I had a smashing weekend, which is to say I smashed several fingers in the fire door leading to the garage. Heavier than usual winds blew all day. The draught created by the wind pulled the door closed faster than usual, smashing three of my fingers in the process. I went down on my knees, the pain was so intense, but I’m on the mend now and extra vigilant around that door until the winds subside. My dear friend C. stopped by with a card of well wishes and two comfy pairs of gardening gloves. Isn’t that the sweetest? Between finger-smashing and the news out of Boston, this thoughtful gift was a bright spot in my day.

Thank you

A sweet gift from a dear friend

Sending love and healing energy back out into the world.  Thanks for joining me on the journey.

Squirrels: They’re back!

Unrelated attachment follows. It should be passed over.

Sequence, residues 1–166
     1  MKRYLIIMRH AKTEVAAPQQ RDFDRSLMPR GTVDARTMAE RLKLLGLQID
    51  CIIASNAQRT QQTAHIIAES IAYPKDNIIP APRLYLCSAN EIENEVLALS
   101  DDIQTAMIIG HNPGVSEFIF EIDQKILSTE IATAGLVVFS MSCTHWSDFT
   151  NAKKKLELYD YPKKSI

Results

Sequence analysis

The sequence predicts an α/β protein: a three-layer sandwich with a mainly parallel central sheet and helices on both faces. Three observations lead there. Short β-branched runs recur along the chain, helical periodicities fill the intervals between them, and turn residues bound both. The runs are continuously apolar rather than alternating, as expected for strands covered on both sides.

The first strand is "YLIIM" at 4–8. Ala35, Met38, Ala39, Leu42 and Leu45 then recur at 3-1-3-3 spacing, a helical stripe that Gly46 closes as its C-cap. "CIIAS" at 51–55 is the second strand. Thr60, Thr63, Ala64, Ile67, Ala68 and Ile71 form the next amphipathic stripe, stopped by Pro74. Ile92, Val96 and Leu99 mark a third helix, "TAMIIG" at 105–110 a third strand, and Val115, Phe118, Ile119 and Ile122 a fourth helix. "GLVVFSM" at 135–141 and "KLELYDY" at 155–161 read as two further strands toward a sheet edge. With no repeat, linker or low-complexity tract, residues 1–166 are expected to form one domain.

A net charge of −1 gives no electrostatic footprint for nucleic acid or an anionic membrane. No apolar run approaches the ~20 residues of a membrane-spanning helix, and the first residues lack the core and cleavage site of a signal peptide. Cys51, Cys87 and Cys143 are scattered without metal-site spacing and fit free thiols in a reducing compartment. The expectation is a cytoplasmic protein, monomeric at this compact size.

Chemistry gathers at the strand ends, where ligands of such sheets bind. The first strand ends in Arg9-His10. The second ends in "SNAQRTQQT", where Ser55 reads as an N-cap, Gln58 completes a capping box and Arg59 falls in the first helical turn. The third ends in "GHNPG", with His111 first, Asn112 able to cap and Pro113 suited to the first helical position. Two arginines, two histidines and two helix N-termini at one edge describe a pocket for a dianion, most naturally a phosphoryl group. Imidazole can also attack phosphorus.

In early June I planted a row of sunflower seeds along the front deck. Within a week they were gone, consumed by our neighborhood squirrels. I planted a second batch, this time indoors, but the transplants were leggy. Refusing to give up, I came up with a barrier, heretofore known as the screen saver, and planted one last time. They took!  Within 90 days we had a beautiful row of six-foot sunflowers.

Last year the flowers went completely to seed on the plant. I saved a handful of seeds, then placed the flower heads along the garden wall for the squirrels. It was fun watching them nibble away.  I love watching those cute little “hands” busy at work. They polished off the sunflower seeds in a matter of days.

This year the squirrels took matters into their own hands. Not known for their manners, they simply bent (or broke) the stems till they reached the deck and helped themselves.

I’m always amazed at their ingenuity. Wild bird centers are full of gadgets to deter squirrels from bird feeders, but those clever squirrels figure it out. When it involves nuts or seeds, squirrels are up for the challenge.

I finally caught two of them in the flower-bending act this week. Did I shoo them away?  Of course not! I grabbed the camera instead.

squirrel eating sunflower seeds

Mmmm…not half bad.

squirrel eating sunflowers

Hey!  I want some too.

squirrel standing tall